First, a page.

Hawaii Day Use Mooring Buoys
protecting hawaii's coral reefs...
Anchor damage is a key threat to coral reefs around the world, according to the International Coral Reef Initiative and the US Coral Reef Task Force. Day-use moorings have proven to be an effective tool to help prevent this coral damage by enabling boats to tie up to mooring buoys instead of dropping anchors onto the coral reefs.
Hawaiʻi’s first day-use moorings were installed on the Kona coast in May 1990 as an innovative partnership among community members, ocean tourism businesses, non-governmental organizations, and the University of Hawaiʻi Sea Grant Extension Service. Over the years, with leadership from Malama Kai Foundation, other coastal communities and ocean tourism businesses throughout the state have been inspired to follow this example. Today there is a statewide system of about 220 day-use moorings around the main Hawaiian Islands. These buoys are for short-term, day-time use only, on a "first-come, first-served" basis.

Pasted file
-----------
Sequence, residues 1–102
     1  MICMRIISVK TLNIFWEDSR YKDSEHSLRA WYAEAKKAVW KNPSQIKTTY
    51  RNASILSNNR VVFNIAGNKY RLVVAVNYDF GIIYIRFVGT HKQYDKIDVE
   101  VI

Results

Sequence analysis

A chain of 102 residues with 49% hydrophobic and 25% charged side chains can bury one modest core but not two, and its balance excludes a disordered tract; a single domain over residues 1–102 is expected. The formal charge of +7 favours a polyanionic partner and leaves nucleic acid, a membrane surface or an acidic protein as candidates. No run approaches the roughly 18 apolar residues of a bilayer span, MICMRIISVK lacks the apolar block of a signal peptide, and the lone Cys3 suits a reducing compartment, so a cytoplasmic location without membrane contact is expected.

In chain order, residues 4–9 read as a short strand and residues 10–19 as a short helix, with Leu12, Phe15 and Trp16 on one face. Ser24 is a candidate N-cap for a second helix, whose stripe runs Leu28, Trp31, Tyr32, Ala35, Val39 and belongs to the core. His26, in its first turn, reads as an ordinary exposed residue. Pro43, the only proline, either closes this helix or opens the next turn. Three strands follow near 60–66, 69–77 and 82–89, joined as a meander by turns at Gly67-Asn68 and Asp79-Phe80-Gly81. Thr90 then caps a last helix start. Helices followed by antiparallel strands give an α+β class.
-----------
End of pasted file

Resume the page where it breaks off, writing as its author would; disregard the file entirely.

Funding for the installation and maintenance of these day-use mooring buoys has come primarily through private donations and grants to Malama Kai Foundation, and volunteers continue to provide equipment and manpower.
What makes these day-use moorings so effective in protecting coral reefs is the mooring pin technology first developed in 1981 by John Halas and adapted for Hawaii's hard lava substrate.
The moorings consists of a 3/4 inch stainless steel eyebolt (or pin) 18 inches long that is cemented into a hole drilled into the reef substrate.
In sandy or soft bottom areas a specialized “manta” unit is driven deep into the soft substrate.
Attached to the the fixed eyebolt (pin or manta), which is all that protrudes from the otherwise pristine reef or bottom area, is a chain bridle and 7/8 inch nylon line. The mooring tackle and line is attached to an 18” buoy placed about 10-ft. below the surface.
Jerry Garcia approved
During the 1980's, Jerry Garcia, lead guitarist and vocalist of the Grateful Dead, spent a lot of time diving Hawai'i's reefs and recognized the reef-saving potential of the mooring program. He was so impressed that not only did he testify on behalf of the mooring program at a Hawai'i State hearing, but he made a sizable donation that was the beginnings of Malama Kai Foundation!